The company had been trading in line with expectations prior to the pandemic
Tulloch Homes chief executive George Fraser has signalled hopes the company’s performance will return to pre-pandemic levels in its current financial year, after its latest results were hit by the fall-out from coronavirus.
New accounts show profits at the Highlands-based housebuilder dropped to £3.3 million for the year ended June 30, 2020, down from £8.8m the previous time, after construction activity and sales were derailed by the first national lockdown last March.
The company, which has been building its presence in the central belt in recent years, had been trading in line with expectations prior to the pandemic. But lockdown meant that it built between 50 and 60 fewer units than it had been forecasting.
The housebuilder sold 136 homes during the year, down from 211 in 2019, with turnover slipping to £32.2m from £51.1m.
However, the company said it is cautiously optimistic about the current year following the resumption of construction activity, with Mr Fraser declaring that there has been a surge in pent-up demand.
Mr Fraser said: We anticipated after the shutdown last year that things would be a lot quieter – in actual fact things have been very busy and very buoyant since then. We are all very pleased with the way the market has moved, given the negativity there could have been with the lockdown.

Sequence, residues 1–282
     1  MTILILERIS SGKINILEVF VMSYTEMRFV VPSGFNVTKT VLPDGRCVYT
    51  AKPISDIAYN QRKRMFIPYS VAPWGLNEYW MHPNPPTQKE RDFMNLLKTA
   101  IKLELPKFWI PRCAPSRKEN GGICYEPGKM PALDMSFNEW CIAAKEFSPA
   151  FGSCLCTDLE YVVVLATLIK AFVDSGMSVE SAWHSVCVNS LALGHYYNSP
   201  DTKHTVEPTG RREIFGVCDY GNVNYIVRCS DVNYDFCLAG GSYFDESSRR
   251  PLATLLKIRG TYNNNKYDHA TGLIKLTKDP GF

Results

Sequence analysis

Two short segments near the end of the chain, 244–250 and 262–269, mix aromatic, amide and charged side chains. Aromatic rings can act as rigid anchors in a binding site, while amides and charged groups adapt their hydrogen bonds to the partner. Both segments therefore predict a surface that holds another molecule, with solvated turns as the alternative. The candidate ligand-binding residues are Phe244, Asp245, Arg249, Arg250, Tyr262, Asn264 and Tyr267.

Housebuilding is built on confidence. People buy houses when they are confident, so the market has been very good since then, he said. This year our target is to get back to normal. We are in a good position to deliver pre-pandemic levels.
Tulloch’s results come in the same week as figures signalled a further acceleration in UK house prices. The Nationwide House Price Index, published on Tuesday, found that prices grew by 10.9 per cent in May compared with the same month last year. While the extension of the stamp duty holiday in England was cited as a factor, Nationwide said activity has also been driven by people reappraising what they want from their homes in light of the pandemic.
Mr Fraser said that prices have been moving forward, with growth in the region of 5% to 10%, adding that the market for second-hand homes was performing well. Quality houses are going for offers over home report, and that is always a good indicator that the market is strong.
He observed that people have spent more time in their homes in the last 12 months and have decided now is the time to move, explaining that the market in the north of Scotland benefits from the fact there is not a shortage of space when houses are being built. However, he said pricing was not in bubble territory just now.
Mr Fraser highlighted the shortage of raw materials as a challenge for the business, notably for cement products, and said the industry continues to face a general skills shortage, though not specifically because of Brexit.
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